Right now there are a lot of different snow blowers on the market. You might be one of those people who like to buy every single new model that comes out and says is more potent or of higher quality than the previous one since now, it’s quite easy to keep yourself informed regarding these kinds of things. You just receive an e-mail with the new coming-up models so you can purchase them online. Or maybe you just have one snow blower, a not-so-old model that has still some life in it and helps you to get around and clear up some piled-up snow on the driveway. Snow blowers, in general, can be a little expensive and they are easy to be set up. With the approach of winter, we all immediately think about all the trouble that 12 inches of snow piled up on the front yard blocking your driveway can cause.
So we just automatically go to where our snow blower is safely kept and proceed to turn it on. However, one of the problems of trying to start up a snow blower that has not been used for months is that it might start backfiring. Why does this even happen? And, more importantly, what in the world what we do in order to fix this serious problem?
Why is your snow blower backfiring?
A backfiring snow blower is more common than most people would believe. It does not mean that is a tedious time-wasting energy-absorbing issue. So if your snow blower has been backfiring, this issue is possible to be traced back to of three main reasons or causes. The first reason or cause is that it might be running too lean. And at the same time, this could be caused by different reasons as an example we can say that there is a partial block orifice in the carburetor. The second issue or cause might be improper timing that can be around the valve or maybe the spark. And the third issue or cause of the backfiring that we have previously mentioned is the incorrect seating of the inlet valve. This inlet valve is vulnerable to a different kind of damage so it could have been damaged by being partially burned out among other things.
What can you do about it?
The very first thing that you will have to do is making sure that the backfiring is not being caused by the mixture of lean fuel. This is more common than most people would imagine and it usually happens when new fuel is mixed with old fuel and the old fuel remains in the carburetor for a long time. How do you know that this happens? Well, you know that old fuel gets tarnish-like and it usually covers the carburetor, it is often left them since the previous winter season since it was not needed ever since. It is highly recommended to avoid this situation. However, if you actually leave some fuel in your snow blower carburetor, you also have to pour in some stabilizer. This will help the fuel stay fresh and keep its volatility. There is a great variety of available stabilizers. Among the most popular brands, there are Seafoam and Sta-Bil.
Replacing the fuel
The first thing that you will need to do is replace the gas that may be remaining. Do this with some fresh oil. Afterwards, you have to add some stabilizer by carefully following all the instructions that are specified on the label. If you want, you could some extra stabilizer so the cleaning process goes more smoothly. Remember that not following the instructions in the proper way might be dangerous. Always be sure to read the labels, follow the instructions and take the precautions needed in order to avoid causing any unwanted accidents, especially if you are managing an agent for the first time.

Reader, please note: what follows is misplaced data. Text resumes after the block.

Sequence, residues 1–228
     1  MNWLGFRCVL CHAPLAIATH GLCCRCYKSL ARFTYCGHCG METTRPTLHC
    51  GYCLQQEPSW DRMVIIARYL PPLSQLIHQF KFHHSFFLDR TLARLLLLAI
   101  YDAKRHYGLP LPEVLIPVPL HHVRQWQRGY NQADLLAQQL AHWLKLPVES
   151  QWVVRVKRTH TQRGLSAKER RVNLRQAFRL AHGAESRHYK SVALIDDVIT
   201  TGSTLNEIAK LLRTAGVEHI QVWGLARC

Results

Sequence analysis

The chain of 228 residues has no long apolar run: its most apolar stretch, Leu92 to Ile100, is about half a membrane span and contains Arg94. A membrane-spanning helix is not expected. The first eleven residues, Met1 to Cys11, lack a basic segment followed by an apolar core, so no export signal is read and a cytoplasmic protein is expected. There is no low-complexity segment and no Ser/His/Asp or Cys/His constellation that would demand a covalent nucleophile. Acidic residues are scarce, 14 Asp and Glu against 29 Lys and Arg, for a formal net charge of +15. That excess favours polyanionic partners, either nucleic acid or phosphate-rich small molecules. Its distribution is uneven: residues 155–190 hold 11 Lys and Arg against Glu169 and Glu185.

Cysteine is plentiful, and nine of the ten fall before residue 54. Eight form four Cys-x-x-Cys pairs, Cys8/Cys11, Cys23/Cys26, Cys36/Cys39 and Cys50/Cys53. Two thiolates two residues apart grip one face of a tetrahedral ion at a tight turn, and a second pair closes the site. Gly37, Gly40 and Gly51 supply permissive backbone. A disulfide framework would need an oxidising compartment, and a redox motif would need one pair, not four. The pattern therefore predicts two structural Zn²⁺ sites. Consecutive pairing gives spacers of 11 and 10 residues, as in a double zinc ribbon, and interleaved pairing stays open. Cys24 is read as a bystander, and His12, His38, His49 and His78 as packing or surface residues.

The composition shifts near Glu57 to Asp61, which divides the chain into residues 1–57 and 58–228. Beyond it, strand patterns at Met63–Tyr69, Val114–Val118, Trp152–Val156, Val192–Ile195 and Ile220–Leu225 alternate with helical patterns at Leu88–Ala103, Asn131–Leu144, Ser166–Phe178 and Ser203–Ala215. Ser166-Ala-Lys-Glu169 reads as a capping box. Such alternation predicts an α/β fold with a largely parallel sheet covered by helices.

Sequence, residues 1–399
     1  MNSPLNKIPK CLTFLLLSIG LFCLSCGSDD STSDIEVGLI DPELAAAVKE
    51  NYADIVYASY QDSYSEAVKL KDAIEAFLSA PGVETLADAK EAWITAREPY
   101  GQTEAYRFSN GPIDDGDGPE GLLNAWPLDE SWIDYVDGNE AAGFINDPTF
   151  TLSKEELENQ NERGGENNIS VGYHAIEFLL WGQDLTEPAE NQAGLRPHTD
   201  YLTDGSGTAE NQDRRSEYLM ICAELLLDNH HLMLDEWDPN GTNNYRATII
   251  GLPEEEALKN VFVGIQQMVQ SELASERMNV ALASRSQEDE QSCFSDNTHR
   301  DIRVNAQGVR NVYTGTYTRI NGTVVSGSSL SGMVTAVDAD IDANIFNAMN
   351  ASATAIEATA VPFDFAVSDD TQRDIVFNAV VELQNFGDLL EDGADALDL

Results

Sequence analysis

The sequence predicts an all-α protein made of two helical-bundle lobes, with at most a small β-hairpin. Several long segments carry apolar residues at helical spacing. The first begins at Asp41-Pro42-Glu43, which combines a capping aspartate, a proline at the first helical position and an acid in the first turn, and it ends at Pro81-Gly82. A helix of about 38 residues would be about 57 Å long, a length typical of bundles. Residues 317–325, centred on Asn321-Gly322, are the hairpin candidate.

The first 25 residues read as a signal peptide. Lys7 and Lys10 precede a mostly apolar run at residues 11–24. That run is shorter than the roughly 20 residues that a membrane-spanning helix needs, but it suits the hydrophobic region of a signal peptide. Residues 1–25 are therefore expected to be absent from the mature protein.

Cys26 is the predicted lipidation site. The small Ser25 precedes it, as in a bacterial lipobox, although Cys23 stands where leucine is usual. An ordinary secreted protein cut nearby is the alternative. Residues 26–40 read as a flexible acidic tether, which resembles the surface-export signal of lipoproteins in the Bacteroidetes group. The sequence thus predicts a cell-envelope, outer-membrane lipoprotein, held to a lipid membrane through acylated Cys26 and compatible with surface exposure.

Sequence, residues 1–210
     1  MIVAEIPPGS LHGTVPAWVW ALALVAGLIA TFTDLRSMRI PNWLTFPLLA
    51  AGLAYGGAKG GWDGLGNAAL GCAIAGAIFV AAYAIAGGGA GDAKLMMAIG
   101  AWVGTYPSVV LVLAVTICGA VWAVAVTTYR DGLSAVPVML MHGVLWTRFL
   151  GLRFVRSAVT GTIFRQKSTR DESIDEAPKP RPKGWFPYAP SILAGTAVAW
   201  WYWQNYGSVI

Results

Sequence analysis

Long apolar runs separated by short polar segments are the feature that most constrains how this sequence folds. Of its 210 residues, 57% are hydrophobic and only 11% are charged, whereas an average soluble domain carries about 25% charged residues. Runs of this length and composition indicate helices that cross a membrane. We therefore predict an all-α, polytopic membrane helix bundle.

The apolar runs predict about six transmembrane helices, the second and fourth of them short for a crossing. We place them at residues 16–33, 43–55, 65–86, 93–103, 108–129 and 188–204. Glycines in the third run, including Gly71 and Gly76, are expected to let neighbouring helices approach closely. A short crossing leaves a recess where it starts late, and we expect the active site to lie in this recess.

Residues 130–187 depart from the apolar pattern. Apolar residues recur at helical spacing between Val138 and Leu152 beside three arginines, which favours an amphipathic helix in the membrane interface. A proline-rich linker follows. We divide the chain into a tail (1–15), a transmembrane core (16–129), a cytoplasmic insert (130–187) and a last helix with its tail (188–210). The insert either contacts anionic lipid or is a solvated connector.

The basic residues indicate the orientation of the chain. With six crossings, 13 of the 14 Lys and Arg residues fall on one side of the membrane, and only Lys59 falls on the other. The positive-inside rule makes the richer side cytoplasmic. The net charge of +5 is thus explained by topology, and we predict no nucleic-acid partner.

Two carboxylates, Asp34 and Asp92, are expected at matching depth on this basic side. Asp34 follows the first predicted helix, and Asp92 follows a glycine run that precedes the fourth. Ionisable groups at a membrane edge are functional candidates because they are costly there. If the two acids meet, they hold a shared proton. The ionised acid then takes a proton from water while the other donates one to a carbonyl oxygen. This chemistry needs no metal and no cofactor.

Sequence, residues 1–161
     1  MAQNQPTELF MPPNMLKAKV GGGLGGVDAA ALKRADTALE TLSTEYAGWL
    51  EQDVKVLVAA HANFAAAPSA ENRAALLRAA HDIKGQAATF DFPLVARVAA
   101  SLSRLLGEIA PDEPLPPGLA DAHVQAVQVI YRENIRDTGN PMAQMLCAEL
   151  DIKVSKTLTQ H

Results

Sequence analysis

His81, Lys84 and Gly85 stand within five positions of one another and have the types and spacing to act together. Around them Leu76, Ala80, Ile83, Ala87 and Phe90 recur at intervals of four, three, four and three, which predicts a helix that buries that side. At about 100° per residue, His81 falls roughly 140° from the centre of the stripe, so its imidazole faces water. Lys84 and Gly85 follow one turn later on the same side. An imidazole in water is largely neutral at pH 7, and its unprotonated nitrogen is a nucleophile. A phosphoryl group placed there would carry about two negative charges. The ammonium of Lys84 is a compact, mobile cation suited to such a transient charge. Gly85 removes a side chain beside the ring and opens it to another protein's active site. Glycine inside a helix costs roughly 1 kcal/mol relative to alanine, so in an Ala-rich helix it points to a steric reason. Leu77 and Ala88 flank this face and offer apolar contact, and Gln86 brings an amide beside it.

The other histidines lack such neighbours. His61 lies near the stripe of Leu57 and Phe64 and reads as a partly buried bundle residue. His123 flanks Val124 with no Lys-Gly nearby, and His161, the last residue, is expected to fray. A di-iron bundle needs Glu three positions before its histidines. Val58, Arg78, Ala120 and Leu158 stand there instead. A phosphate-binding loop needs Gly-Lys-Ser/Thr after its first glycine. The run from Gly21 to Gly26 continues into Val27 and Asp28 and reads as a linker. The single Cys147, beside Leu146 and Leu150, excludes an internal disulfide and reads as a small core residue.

Closing the choke
Afterwards, you will have to make sure that the choke is properly closed. After you have carefully checked this, you can now proceed to start the engine. It is of great importance for you to le the engine run for a while. This has a very important purpose which is to let the stabilizer go through and clean out all the snow blower carburetor passages that may have been partially blocked. Not following this step in the proper manner, might result in the failure of solving the backfiring issue, plus more future problems regarding the proper functioning of the snow blower.
Cleaning the throat of the carburetor
Now it has come the time to clean the throat of the carburetor. For fulfilling this task, we will use a carb cleaner spray and apply it down the throat of the carburetor, take your time while doing this since rushing this step might result in the failure of actually cleaning the throat of the snow blower carb as well as fixing the backfiring problem besides future issues regarding the proper functioning of the snow blower.
What else can be done?
Providing that you have followed all the previously stated instructions, taken all the steps and considered all the recommendations and the backfiring issue is still not solved, you might going to have to clean the entire snow blower carburetor thoroughly. Take your time while doing this, do it carefully and make sure to clean every single passage. If cleaning it is not enough you will definitely have to rebuild it. First, remove the bowl and carefully use the carburetor cleaner spray to any internal passage that might be slightly blocked, this might be causing the problem.
Depending on the type of the carburetor, it can have two screws, one for idle mixture and the other for high-speed rev limit; others only have one screw. You might have to adjust this. Use the user manual to help adjust this part. If you do not feel well prepared it is highly advised to take your snowblower to a professional that can assist you with the adjusting.